Preemergent and postemergent herbicides for oxalis (yellow woodsorrel) control in South Carolina lawns are listed in Tables 2 and 3. Always read the product label for mixing rate for weed control on each grass species and for safe use of the product. Preemergent herbicides need to be applied at the proper time of the year, may require one or more subsequent applications, and need to be watered in appropriately. For more information on preemergent herbicide use, see HTG 0217, Selecting a Preemergent Herbicide for your Lawn. When using a postemergent herbicide, spray to just wet the foliage of the weeds. For safe use on lawns, spray herbicides when temperatures are below 90 °F. Avoid pesticide drift by spraying on non-windy days. Water the lawn the day before to reduce drought stress to lawns and to promote active growth of the weed for better herbicide uptake.


Table 2. Preemergence Herbicides for Oxalis Control in Home Lawns.
TurfgrassActive IngredientsExamples of Brands & Products
Notes: These preemergence herbicides should only be applied to well-established turfgrass lawns. Typically, the optimum time for lawn fertilizer applications and pre-emergence herbicide applications do not coincide. However, the small amount of potash in the 0-0-7 blends is normally not a problem, & may be useful on sandy soils with fall applications to improve cold weather hardiness of the lawn.
Bahiagrass Bermudagrass Centipedegrass
St. Augustinegrass Zoysiagrass
Tall Fescue
benefin Pennington Crabgrass Preventer
oryzalin Southern Ag Surflan A.S.
benefin +
oryzalin
XL2G
Green Light Amaze Grass & Weed Preventer
benefin + trifluralin

Anderson Turf Products Crabgrass Preventer with 2% Team Herbicide (partial control)
Hi-Yield Crabgrass Control (partial control)

pendimethalin Scotts Halts Crabgrass Preventer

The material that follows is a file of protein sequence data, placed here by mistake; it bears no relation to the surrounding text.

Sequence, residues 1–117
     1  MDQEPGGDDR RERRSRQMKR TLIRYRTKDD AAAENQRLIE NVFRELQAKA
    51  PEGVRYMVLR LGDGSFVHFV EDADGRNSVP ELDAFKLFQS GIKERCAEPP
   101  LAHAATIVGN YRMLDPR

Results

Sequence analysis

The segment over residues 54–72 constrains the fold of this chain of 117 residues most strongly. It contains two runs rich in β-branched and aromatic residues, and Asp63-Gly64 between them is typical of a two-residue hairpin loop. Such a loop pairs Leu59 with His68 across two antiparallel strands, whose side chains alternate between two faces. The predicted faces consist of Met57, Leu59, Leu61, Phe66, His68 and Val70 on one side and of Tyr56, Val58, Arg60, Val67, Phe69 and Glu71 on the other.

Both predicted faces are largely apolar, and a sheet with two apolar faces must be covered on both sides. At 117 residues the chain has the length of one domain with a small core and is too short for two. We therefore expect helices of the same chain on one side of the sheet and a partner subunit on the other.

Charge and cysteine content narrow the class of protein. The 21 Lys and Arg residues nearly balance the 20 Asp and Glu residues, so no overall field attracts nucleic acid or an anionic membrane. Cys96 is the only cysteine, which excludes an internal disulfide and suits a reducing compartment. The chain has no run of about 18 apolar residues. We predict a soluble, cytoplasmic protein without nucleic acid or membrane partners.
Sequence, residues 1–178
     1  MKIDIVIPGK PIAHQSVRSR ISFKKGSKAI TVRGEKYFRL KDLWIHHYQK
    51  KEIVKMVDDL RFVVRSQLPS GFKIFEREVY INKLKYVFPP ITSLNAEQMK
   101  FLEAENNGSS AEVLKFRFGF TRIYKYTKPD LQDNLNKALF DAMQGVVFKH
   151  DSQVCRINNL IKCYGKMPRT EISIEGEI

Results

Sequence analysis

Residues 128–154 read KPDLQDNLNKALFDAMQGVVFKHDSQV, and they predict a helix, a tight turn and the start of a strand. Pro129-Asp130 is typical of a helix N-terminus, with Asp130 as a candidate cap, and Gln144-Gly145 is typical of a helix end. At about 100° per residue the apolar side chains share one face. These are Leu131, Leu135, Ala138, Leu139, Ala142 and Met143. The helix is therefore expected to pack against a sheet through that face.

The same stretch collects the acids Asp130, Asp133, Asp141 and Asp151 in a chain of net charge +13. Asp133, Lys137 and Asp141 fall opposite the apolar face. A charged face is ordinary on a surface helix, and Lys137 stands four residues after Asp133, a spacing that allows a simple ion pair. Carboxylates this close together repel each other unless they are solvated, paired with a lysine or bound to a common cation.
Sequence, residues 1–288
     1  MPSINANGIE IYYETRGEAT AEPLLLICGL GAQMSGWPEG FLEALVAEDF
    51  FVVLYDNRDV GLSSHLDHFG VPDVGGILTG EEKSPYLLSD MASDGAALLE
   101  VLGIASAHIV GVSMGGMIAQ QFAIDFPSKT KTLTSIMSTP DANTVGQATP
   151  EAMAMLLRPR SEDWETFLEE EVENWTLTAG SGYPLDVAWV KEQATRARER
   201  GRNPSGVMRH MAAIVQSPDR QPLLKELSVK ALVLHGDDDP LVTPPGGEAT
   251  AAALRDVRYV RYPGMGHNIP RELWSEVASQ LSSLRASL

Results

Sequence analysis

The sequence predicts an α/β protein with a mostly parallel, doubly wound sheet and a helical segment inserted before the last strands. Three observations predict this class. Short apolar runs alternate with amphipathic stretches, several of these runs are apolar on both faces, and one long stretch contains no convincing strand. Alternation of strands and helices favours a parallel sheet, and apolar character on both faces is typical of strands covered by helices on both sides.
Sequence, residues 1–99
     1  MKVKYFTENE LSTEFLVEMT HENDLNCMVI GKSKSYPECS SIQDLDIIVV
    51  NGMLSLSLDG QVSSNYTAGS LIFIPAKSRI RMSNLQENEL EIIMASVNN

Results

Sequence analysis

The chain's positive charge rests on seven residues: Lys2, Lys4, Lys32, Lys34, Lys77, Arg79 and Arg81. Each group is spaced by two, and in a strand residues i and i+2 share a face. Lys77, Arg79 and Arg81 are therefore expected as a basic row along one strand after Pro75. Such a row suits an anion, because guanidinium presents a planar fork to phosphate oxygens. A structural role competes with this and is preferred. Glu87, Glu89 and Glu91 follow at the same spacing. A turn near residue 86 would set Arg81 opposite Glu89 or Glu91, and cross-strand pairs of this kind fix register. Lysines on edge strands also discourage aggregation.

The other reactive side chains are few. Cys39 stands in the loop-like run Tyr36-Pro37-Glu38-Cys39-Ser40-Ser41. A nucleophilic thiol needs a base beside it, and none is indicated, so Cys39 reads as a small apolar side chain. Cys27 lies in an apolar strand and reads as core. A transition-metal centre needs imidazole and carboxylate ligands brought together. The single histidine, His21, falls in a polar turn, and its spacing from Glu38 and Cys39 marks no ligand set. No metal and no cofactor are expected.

dithiopyr Bonide Crabgrass & Weed Preventer for Lawns & Ornamental Beds
Hi Yield Turf & Ornamental Weed & Grass Stopper Containing Dimension
StaGreen CrabEx Crabgrass Preventer
isoxaben Ferti-lome Broadleaf Weed Control with Gallery
prodiamine Helena Pro-Mate Barracade & Fertilizer 0-0-7
Howard Johnson Crabgrass Control with Prodiamine & 0-0-7
Lebanon Pro Fertilizer (0-0-7) with Prodiamine
Lesco Barricade Plus Fertilizer 0-0-7
Lesco Stonewall Plus Fertilizer (0-0-7)
Pro-Mate Barricade Plus Fertilizer (0-0-7)
Scotts Halts Pro 0-0-7 & Halts Pro

Table 3. Postemergent Herbicides for Oxalis Control in Home Lawns.
TurfgrassActive IngredientsExamples of Brands & ProductsEffectiveness
1For use on common bermudagrass. Intermediate safety on hybrid bermudagrass.
2Use low rate on zoysiagrass.
Effectiveness Rating:
Poor – P = <70% control
Fair – F = 70-79% control with repeat applications
Good – G = 80-90% control with one application at high rate or repeat application
Excellent – E = >90% control with one application
Centipedegrass
St. Augustinegrass
atrazine Hi Yield Atrazine Weed Killer
Image for St. Augustinegrass & Centipedegrass with Atrazine
Southern AG Atrazine St. Augustine Weed Killer
Spectracide Weed Stop for Lawns Concentrate for St. Augustine & Centipede Lawns
Fair to Good Control
Bahiagrass
Bermudagrass
Centipedegrass
St Augustinegrass
Zoysiagrass
Tall Fescue
2, 4-D + dicamba + mecoprop (MCPP) Ferti-lome Weed Out Lawn Weed Killer with Trimec
Southern Ag Lawn Weed Killer with Trimec Conc.
Good Control
Bermudagrass1
Zoysiagrass
Tall Fescue
sulfentrazone +
quinclorac
Image Kills Crabgrass Concentrate Good Control
Zoysiagrass2
Tall Fescue
triclopyr Ortho Weed B Gon Chickweed, Clover & Oxalis Killer Fair to Good Control
Tall Fescue triclopyr Hi-Yeild Triclopyr Ester
Monterey Turflon Ester
Fair to Good Control
Bahiagrass
Bermudagrass
Zoysiagrass
Tall Fescue
MCPA +
dicamba +
triclopyr
Monterey Spurge Power Concentrate
Bonide Chickweed, Clover & Oxalis Killer Concentrate
Good Control
Bermudagrass
Centipedegrass
St Augustinegrass
Zoysiagrass
metsulfuron Martin’s TopShot Weed Killer for Lawns Fair to Excellent Control

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This information is supplied with the understanding that no discrimination is intended and no endorsement of brand names or registered trademarks by the Clemson University Cooperative Extension Service is implied, nor is any discrimination intended by the exclusion of products or manufacturers not named. All recommendations are for South Carolina conditions and may not apply to other areas. Use pesticides only according to the directions on the label. All recommendations for pesticide use are for South Carolina only and were legal at the time of publication, but the status of registration and use patterns are subject to change by action of state and federal regulatory agencies. Follow all directions, precautions and restrictions that are listed.